1887

Abstract

Care-related infections (CRIs) have a negative impact on the morbidity and mortality of patients in intensive care. Among them, fungal infections (e.g. spp. and spp.) have high mortality in critically ill patients, particularly those with acute respiratory distress syndrome (ARDS) and immunosuppression. Coronavirus disease 2019 (COVID-19) causes severe respiratory changes and deregulation of the immune system. Here, we describe a case of fungal infection in an intensive care unit (ICU) patient with COVID-19 caused by , a yeast widely used in the baking and wine production industries. It is also used as a probiotic, both for prevention and as adjunctive therapy in patients with diarrhoea. The patient was admitted to the ICU with a diagnosis of COVID-19, respiratory failure, complications of ARDS and renal failure, and was being treated with antibiotics and vasoactive amines. Later, the patient had diarrhoea and, after supplementation with , he developed a bloodstream infection with . The patient died after 61 days of hospitalization due to thrombocytopenia and bleeding. This case report suggests avoiding the use of probiotics in intensive care patients under the administration of antibiotics and amines, and with damage to the intestinal mucosa and immunodeficiency caused by severe acute respiratory syndrome coronavirus 2 (SARS-CoV-2), since these factors could favour the translocation of fungi.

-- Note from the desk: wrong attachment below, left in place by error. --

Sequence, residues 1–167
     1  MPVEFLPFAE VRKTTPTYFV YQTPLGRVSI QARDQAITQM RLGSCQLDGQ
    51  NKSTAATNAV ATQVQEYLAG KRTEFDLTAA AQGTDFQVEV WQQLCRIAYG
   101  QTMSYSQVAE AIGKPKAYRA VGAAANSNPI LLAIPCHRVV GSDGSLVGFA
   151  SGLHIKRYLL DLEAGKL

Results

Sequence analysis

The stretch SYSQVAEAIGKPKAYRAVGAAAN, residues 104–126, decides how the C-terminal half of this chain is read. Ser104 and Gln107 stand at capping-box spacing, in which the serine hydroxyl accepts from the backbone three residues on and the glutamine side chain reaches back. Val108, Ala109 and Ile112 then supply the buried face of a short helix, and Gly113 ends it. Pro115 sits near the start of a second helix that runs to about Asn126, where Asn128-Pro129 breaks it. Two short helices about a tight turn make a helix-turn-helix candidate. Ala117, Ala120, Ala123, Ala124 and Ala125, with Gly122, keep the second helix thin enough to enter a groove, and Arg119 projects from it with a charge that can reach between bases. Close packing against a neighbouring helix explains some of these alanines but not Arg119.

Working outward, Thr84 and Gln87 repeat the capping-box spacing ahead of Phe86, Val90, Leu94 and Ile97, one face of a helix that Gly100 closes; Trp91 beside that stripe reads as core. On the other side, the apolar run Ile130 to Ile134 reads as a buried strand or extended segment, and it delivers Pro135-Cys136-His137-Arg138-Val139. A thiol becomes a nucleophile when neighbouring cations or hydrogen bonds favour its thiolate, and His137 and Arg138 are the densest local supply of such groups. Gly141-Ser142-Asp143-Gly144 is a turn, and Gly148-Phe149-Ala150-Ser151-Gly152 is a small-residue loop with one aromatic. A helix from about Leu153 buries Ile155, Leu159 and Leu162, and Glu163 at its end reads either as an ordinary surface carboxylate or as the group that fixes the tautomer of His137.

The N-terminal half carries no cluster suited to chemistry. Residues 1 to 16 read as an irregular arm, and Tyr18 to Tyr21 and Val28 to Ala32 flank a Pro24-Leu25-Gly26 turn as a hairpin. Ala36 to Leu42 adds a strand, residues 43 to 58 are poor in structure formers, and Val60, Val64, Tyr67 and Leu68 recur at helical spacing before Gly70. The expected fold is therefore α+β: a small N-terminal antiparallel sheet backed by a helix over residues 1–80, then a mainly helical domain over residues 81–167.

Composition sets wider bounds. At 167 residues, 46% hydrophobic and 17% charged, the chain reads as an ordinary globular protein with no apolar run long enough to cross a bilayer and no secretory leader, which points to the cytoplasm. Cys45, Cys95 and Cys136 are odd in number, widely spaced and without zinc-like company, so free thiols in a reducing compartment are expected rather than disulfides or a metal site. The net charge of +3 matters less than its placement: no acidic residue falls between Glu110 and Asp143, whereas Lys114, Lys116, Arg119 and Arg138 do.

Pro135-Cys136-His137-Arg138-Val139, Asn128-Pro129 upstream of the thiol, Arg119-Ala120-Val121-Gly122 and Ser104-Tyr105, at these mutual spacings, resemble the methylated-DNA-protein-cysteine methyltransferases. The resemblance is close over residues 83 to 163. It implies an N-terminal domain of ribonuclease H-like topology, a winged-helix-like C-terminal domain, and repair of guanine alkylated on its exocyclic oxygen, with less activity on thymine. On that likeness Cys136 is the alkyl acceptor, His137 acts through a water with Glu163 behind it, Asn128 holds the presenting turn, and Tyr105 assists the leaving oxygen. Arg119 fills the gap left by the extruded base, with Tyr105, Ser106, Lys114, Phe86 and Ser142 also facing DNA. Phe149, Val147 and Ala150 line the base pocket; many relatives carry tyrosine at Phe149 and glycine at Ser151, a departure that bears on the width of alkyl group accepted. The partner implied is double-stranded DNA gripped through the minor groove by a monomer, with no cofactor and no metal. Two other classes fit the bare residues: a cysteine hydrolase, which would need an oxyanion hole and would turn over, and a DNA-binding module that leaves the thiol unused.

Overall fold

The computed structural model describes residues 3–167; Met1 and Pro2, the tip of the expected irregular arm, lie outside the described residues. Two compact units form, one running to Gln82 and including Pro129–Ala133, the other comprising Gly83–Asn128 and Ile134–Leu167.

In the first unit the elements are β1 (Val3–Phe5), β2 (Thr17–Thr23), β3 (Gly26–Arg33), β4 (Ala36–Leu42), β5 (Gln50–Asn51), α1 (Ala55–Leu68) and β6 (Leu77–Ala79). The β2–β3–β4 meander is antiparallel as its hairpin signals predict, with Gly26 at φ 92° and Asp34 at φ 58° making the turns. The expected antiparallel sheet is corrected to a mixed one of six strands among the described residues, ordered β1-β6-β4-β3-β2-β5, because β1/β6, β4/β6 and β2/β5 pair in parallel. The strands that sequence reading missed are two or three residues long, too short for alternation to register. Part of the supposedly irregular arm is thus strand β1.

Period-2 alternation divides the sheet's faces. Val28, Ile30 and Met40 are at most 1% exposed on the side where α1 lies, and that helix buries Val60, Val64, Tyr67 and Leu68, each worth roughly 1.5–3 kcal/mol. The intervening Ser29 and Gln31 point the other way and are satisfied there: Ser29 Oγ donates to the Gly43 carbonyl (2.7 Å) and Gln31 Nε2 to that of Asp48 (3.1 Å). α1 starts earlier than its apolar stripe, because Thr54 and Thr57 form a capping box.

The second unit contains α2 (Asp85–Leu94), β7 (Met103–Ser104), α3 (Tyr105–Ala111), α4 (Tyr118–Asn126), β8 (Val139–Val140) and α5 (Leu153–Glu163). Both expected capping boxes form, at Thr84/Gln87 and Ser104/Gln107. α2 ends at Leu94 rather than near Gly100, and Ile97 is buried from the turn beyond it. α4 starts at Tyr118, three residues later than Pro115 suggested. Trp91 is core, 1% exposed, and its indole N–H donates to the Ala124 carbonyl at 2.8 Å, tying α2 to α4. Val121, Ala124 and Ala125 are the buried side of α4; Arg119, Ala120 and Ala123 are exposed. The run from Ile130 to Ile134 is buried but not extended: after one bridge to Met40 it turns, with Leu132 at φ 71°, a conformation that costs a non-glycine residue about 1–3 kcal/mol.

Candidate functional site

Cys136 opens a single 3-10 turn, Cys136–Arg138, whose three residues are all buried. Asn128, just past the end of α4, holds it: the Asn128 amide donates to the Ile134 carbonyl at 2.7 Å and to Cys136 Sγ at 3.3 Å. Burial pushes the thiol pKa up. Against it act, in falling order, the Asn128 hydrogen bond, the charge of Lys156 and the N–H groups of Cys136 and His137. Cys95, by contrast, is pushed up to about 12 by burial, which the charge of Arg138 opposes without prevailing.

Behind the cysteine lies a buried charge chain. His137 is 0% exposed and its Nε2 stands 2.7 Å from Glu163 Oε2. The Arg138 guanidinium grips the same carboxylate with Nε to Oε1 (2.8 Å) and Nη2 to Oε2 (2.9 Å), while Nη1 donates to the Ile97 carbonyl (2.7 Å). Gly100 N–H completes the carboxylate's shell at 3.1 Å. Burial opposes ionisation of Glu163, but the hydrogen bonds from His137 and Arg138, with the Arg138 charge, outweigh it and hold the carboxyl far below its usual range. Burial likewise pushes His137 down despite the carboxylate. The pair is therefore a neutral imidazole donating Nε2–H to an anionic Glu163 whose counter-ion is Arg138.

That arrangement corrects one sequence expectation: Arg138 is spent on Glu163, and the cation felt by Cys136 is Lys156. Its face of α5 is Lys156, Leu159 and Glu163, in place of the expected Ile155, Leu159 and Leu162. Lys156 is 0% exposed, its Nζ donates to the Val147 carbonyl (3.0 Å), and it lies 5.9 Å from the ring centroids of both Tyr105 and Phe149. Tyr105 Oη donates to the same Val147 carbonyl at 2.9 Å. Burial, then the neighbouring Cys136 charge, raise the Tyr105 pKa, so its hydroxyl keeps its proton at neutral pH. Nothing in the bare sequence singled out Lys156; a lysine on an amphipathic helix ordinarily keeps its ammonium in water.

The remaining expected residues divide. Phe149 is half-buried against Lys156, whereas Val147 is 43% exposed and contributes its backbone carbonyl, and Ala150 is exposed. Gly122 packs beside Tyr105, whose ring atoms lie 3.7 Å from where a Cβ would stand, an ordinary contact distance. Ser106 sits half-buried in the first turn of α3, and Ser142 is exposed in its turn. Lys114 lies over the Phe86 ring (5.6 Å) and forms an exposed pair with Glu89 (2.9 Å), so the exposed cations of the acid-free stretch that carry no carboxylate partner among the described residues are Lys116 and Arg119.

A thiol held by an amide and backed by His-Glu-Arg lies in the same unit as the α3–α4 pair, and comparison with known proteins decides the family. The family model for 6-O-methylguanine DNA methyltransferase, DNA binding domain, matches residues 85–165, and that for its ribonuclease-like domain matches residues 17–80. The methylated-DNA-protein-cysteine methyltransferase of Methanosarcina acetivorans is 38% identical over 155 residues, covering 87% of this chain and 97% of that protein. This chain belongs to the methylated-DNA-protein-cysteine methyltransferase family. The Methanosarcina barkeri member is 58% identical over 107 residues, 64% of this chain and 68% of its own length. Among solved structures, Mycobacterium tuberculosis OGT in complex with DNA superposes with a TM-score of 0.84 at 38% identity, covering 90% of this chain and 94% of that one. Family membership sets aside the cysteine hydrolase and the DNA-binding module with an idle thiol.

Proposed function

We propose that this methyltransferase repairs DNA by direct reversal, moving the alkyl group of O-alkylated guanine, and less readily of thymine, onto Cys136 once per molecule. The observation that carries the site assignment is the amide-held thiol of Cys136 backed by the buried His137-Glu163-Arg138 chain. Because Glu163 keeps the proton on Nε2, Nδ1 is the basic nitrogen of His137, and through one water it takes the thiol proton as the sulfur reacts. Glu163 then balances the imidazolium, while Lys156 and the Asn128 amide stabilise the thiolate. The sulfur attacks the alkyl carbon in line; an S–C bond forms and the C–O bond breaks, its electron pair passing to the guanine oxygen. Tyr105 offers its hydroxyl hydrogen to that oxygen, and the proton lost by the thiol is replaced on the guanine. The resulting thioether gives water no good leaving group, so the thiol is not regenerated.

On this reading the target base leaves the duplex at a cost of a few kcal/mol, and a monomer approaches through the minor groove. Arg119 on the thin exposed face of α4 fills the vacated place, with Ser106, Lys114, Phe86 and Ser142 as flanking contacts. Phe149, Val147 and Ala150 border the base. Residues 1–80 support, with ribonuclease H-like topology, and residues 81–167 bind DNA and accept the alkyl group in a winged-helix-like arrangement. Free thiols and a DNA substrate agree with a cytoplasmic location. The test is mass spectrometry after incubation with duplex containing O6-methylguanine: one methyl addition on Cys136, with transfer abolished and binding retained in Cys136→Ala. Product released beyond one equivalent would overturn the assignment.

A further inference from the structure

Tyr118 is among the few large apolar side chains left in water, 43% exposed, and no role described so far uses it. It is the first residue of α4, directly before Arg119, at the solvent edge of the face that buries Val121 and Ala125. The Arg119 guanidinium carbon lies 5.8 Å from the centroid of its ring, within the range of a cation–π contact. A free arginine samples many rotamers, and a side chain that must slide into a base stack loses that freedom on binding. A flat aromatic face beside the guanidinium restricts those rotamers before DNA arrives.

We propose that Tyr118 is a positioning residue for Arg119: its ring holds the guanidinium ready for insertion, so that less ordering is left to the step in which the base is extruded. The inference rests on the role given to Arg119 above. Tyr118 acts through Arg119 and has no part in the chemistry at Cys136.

• This is an open-access article distributed under the terms of the Creative Commons Attribution NonCommercial License. The Microbiology Society waived the open access fees for this article.
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2021-08-06
2022-08-14
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